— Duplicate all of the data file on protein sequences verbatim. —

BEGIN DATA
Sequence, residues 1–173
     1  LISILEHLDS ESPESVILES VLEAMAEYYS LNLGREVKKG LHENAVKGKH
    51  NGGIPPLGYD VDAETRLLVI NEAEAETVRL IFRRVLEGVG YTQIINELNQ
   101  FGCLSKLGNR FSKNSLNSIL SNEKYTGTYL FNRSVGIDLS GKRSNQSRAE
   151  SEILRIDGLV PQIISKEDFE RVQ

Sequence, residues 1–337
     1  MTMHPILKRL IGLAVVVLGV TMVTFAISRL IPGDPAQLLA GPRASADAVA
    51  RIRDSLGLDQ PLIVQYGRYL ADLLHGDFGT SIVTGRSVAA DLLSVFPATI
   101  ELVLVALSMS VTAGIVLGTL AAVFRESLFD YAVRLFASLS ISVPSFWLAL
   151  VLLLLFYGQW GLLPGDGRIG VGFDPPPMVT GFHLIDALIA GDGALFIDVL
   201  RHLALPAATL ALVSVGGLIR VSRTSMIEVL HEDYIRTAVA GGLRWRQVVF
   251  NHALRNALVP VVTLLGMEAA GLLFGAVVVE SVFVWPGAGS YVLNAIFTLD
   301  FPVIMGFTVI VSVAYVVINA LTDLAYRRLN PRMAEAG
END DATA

Sequence, residues 1–173
     1  LISILEHLDS ESPESVILES VLEAMAEYYS LNLGREVKKG LHENAVKGKH
    51  NGGIPPLGYD VDAETRLLVI NEAEAETVRL IFRRVLEGVG YTQIINELNQ
   101  FGCLSKLGNR FSKNSLNSIL SNEKYTGTYL FNRSVGIDLS GKRSNQSRAE
   151  SEILRIDGLV PQIISKEDFE RVQ

Sequence, residues 1–337
     1  MTMHPILKRL IGLAVVVLGV TMVTFAISRL IPGDPAQLLA GPRASADAVA
    51  RIRDSLGLDQ PLIVQYGRYL ADLLHGDFGT SIVTGRSVAA DLLSVFPATI
   101  ELVLVALSMS VTAGIVLGTL AAVFRESLFD YAVRLFASLS ISVPSFWLAL
   151  VLLLLFYGQW GLLPGDGRIG VGFDPPPMVT GFHLIDALIA GDGALFIDVL
   201  RHLALPAATL ALVSVGGLIR VSRTSMIEVL HEDYIRTAVA GGLRWRQVVF
   251  NHALRNALVP VVTLLGMEAA GLLFGAVVVE SVFVWPGAGS YVLNAIFTLD
   301  FPVIMGFTVI VSVAYVVINA LTDLAYRRLN PRMAEAG